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Monday, July 16, 2018


one of the books that I'm planning around the theme of shields and spears.  I've now carved a couple of lino blocks for that, with a couple left to do....enough for now, I thought, even though one of them was only partially finished. And, just to prove I've learned my lesson, note my (relatively) tidy work surface...

I decided to use acrylic paints this time, combined with a medium that delays the drying time, so that the ink doesn't just dry on the plate.  For once in my life, I followed the instructions; I was a tad alarmed by the idea that too much medium might mean that the paint doesn't dry at all.  It's one thing to get the ink from newspapers on your fingers; entirely another when the visual art comes off on your hands...  \I mixed my own colour, a combination of three paints.  Someone once told me not to use paint straight out of the tube; it was important for an artist to mix their own colours.  And so I have found it.  It's a meditative thing to do, and allows you to really think about the effect you're trying to achieve, and the colour that will do that for you.  It took several tests before I was happy with the colour, somewhat warmer than the dark brown out of the tube.

 The blocks are too small for a double page, and besides, other than the central spread, they aren't seen like that within the structure of the book, so I needed to select elements to print on each individual page.  I started with the partially carved block; here's the test print.

The bit I hadn't thought through was that the whole thing would print, not just the leaf.  Fortunately, I liked that result...if I hadn't, there would have been a lot more carving to do before I could have used it.  I may well cut one of the remaining blocks in half, and carve a block specifically like this, to use in the future. 

I started to print the five pages that make up the signature (the technical word for a combination of pages, if you haven't come across it before).  I wanted a random combination of images, but started with the central motif.

It became obvious quite early on that I couldn't print on both sides of the pages; lutradur is semi transparent, so the print can be seen on the other side, though, as it is printed, not dyed, it hasn't come right through; it's like having a shadow.  And that was okay, because I intended to stitch, so the shadow would be supported by the stitch.  And, without overtly thinking it through, that had been my intention from the start.  What I hadn't realised, though, was that I needed to vary on which side of the lutradur I printed, so that there would be an interesting visual mixture of strong and weak prints.  I only managed to do that once, though... a combination of getting carried away and brain fog...sigh.  I'll be more deliberate about it the next time I make a pamphlet book in this way.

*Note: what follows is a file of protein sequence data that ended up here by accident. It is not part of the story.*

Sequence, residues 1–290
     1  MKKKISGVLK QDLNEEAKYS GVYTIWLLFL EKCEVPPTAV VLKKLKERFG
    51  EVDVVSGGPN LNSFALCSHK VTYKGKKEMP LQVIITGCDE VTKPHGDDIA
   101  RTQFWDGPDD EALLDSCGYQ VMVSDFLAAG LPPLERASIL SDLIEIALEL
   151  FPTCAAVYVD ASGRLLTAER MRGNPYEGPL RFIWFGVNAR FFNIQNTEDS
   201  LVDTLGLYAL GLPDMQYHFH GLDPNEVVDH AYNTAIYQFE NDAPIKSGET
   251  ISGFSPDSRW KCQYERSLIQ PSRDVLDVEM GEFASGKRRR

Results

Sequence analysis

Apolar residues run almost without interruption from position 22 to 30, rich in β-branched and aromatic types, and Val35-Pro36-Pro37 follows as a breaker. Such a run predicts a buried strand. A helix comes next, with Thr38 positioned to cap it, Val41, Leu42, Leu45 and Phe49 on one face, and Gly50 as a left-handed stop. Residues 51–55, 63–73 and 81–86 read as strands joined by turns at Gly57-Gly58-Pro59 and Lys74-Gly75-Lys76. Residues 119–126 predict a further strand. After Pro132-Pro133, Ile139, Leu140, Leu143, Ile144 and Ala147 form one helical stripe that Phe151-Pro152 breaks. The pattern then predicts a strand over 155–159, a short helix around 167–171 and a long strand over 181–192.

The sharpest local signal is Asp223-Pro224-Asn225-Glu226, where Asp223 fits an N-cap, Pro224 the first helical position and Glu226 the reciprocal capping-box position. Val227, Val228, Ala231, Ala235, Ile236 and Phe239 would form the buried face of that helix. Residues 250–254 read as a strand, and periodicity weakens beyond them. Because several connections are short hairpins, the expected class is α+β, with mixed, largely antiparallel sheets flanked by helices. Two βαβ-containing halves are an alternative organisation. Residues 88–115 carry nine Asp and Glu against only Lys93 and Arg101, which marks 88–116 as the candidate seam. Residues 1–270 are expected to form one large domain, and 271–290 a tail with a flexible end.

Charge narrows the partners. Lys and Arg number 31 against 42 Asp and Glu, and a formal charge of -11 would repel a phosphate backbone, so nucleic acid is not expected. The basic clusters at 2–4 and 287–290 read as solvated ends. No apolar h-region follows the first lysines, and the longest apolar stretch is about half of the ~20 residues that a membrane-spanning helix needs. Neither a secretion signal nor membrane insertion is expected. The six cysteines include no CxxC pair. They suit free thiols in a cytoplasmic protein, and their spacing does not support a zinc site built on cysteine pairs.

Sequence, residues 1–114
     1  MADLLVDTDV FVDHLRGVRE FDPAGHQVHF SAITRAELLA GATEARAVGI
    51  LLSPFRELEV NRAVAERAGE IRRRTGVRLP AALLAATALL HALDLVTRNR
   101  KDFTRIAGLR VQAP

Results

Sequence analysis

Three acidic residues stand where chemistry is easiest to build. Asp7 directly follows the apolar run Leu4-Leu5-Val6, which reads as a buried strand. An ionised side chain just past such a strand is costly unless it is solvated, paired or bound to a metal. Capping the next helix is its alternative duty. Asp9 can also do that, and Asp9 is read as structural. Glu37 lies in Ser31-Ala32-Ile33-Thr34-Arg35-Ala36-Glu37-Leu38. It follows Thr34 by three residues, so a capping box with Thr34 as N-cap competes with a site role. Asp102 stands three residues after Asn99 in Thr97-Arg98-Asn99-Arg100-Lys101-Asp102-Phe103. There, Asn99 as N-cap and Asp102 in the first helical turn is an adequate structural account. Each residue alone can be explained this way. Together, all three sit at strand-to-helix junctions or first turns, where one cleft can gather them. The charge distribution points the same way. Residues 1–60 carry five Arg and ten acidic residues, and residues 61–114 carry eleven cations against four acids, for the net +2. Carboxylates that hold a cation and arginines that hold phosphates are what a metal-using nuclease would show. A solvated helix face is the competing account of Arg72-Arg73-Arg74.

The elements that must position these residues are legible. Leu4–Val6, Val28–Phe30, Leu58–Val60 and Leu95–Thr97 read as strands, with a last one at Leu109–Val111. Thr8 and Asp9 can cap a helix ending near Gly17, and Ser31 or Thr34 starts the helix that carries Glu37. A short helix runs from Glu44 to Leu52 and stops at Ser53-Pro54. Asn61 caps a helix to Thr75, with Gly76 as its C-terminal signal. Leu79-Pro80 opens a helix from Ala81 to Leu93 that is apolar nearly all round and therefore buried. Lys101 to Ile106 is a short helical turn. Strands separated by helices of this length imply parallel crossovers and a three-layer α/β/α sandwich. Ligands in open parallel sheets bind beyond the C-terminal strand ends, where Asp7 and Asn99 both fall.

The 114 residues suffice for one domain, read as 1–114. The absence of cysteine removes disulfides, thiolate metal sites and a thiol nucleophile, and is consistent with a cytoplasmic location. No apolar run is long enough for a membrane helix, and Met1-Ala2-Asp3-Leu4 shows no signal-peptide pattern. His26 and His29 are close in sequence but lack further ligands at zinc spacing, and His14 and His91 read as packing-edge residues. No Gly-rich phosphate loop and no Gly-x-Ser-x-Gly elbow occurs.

I struggled with deciding what to do with the cover.  In the end, I decided to print the same thing on both front and back covers, and here it is.

I think that works well; the image is a strong one, an eye catching way to present the piece, I hope.  When the ink was dry, I folded the book and combined the pages, mixing up the different images to avoid having the same thing twice.  The joy of working with semi transparent material, is that you get more than you usually would, when you look at the open pages.  Here's a look at that central page again, this time combined with the rest of the pages.

That effect will be something to consider in the future.  And now I'm stuck.  I want to stitch this with the machine, and I still don't have it back (hopefully this week).  Overall, though, I'm pleased with the way it has worked...for once, pretty much as I thought it would.  It needs a poem...I have two of three lines, but one refuses to come.  It'll doubtless arrive in its own sweet time...words are not as biddable as paint.

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